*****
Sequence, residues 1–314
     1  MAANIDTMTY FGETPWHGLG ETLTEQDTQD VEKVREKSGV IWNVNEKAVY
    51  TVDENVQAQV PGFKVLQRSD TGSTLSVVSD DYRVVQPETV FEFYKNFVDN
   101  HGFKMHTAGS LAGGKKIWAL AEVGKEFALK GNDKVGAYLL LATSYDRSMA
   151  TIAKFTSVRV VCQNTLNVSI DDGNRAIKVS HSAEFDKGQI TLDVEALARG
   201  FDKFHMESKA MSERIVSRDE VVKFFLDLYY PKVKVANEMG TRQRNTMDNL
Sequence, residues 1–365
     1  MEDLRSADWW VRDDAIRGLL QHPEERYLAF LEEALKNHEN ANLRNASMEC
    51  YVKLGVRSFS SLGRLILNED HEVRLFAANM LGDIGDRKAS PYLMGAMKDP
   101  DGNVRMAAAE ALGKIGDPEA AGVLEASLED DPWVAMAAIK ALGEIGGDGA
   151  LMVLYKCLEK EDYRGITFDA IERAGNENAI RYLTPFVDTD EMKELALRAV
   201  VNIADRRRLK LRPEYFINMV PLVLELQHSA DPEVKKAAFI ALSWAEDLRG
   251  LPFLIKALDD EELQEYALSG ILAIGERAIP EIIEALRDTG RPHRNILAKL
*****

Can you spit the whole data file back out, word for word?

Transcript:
Sequence, residues 1–314
     1  MAANIDTMTY FGETPWHGLG ETLTEQDTQD VEKVREKSGV IWNVNEKAVY
    51  TVDENVQAQV PGFKVLQRSD TGSTLSVVSD DYRVVQPETV FEFYKNFVDN
   101  HGFKMHTAGS LAGGKKIWAL AEVGKEFALK GNDKVGAYLL LATSYDRSMA
   151  TIAKFTSVRV VCQNTLNVSI DDGNRAIKVS HSAEFDKGQI TLDVEALARG
   201  FDKFHMESKA MSERIVSRDE VVKFFLDLYY PKVKVANEMG TRQRNTMDNL
Sequence, residues 1–365
     1  MEDLRSADWW VRDDAIRGLL QHPEERYLAF LEEALKNHEN ANLRNASMEC
    51  YVKLGVRSFS SLGRLILNED HEVRLFAANM LGDIGDRKAS PYLMGAMKDP
   101  DGNVRMAAAE ALGKIGDPEA AGVLEASLED DPWVAMAAIK ALGEIGGDGA
   151  LMVLYKCLEK EDYRGITFDA IERAGNENAI RYLTPFVDTD EMKELALRAV
   201  VNIADRRRLK LRPEYFINMV PLVLELQHSA DPEVKKAAFI ALSWAEDLRG
   251  LPFLIKALDD EELQEYALSG ILAIGERAIP EIIEALRDTG RPHRNILAKL